Neonatal jaundice

A condition which is common 2-5 days after birth.


Bilirubin is a yellow pigment that is created in the body during the normal recycling of old red blood cells. Bilirubin is released due to the breakdown of heme in red blood cells. The liver takes up the byproducts of this break down and excretes them as bile, they are then removed from the body in the stool. If this old red blood cell breakdown occurs more quickly than the excretion of the byproducts the byproducts build up in tissues. This build up of the yellow bilirubin pigment in the tissues is called jaundice.

Neonatal jaundice is the results of abnormally high bilirubin levels, > 85 umol/l (5 mg/dL) manifests clinical jaundice in neonates.


  • The excess bilirubin pigments build up in the tissues manifesting as yellow tinged skin and sclera of the eye.
  • jaundice typically first appears in the face then progresses caudally to trunk and extremities.

Conditions that increase the number of red blood cells that need to be broken down, and can cause more severe newborn jaundice:

  • Abnormal blood cell shapes
  • Blood type mismatch between the mother and the baby
  • Bleeding underneath the scalp (cephalohematoma) caused by a difficult delivery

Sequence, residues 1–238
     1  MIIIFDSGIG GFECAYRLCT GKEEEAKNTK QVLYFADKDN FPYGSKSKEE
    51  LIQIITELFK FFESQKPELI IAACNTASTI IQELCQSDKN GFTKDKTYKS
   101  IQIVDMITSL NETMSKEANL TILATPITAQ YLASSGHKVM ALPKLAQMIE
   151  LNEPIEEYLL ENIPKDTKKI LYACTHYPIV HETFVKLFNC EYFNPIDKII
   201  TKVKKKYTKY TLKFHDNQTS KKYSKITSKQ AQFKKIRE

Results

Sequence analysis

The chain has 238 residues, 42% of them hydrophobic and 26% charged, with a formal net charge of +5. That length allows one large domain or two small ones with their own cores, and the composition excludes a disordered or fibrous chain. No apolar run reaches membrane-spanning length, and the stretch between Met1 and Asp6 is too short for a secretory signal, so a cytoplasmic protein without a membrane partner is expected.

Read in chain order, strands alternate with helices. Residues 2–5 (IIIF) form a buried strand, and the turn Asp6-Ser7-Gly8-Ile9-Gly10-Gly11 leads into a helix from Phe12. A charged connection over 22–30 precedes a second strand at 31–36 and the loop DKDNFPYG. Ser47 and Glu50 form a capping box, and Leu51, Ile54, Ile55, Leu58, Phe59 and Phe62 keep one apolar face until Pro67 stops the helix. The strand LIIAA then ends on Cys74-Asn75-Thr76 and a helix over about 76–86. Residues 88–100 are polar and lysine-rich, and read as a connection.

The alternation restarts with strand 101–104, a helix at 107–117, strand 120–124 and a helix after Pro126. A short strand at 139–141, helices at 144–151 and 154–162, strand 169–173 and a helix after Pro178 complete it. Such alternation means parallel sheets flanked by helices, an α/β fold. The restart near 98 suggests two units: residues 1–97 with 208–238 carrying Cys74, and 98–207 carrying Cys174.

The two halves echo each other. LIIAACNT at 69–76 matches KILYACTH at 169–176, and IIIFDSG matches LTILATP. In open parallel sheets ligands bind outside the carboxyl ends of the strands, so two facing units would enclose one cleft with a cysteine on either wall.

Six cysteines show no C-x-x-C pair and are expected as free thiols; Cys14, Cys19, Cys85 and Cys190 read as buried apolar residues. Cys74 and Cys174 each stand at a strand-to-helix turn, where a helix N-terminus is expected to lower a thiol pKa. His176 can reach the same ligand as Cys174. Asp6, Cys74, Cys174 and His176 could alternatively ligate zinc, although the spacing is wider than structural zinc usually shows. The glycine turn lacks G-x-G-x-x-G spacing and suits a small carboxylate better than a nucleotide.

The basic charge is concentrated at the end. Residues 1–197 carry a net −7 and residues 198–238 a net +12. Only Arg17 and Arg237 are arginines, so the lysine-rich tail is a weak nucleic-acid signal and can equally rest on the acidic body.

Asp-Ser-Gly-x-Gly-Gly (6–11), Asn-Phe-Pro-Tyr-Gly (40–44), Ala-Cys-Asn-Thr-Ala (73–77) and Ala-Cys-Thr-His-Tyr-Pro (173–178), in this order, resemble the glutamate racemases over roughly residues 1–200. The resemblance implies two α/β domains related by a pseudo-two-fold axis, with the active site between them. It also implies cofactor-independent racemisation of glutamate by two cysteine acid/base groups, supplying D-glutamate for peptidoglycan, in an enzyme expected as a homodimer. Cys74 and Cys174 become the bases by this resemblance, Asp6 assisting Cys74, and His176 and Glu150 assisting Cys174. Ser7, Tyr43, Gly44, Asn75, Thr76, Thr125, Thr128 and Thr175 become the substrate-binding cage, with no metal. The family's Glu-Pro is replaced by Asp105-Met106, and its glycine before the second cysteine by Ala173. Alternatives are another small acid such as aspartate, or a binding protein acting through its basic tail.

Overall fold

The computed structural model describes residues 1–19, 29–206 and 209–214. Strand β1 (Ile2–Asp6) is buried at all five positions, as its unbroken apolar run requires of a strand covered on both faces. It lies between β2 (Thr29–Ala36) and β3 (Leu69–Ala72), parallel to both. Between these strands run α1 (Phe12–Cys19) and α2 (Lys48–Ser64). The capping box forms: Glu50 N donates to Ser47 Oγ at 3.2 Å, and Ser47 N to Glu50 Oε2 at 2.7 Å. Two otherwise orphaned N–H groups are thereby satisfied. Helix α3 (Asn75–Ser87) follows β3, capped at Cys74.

• Higher levels of red blood cells, which is more common in small-for-gestational-age babies and some twins
  • Infection
  • Lack (deficiency) of certain important enzymes

Conditions that make it harder for the baby’s body to remove bilirubin may also lead to more severe jaundice:

  • Certain medications
  • Congenital infections, such as rubella, syphilis, and others
  • Diseases that affect the liver or biliary tract, such as cystic fibrosis or hepatitis
  • Hypoxia
  • Infections (such as sepsis)
  • Many different genetic or inherited disorders
  • every 8-12hrs
  • perform assessment in well lit room
  • blanch skin with digit pressure to reveal underlying tissue colour
  • TSB levels should be performed on every janundiced infant within the first 24hrs after birth
  • take Total Serum Bilirubin (TSB) levels to ensure levels remain <15mg/dL


  1. Phototherapy: will be used if the bilirubin level is too high or is rising quickly. Blue light phototherapy acts to break down bilirubin in the skin. Phototherapy is initiated if TSB >25mg/dL.
  2. Blood transfusion: Used in the treatment of the most severe cases of jaundice. An exchange blood transfusion will be used.
  3. Intravenous immunoglobulin: another very effective method of reducing bilirubin levels.  Gamma globulins is used to treat cases of isoimmune hemolytic disease (due to fetal-maternal blood type incompatibility and ABO and Rh hemolytic disease of the newborn).

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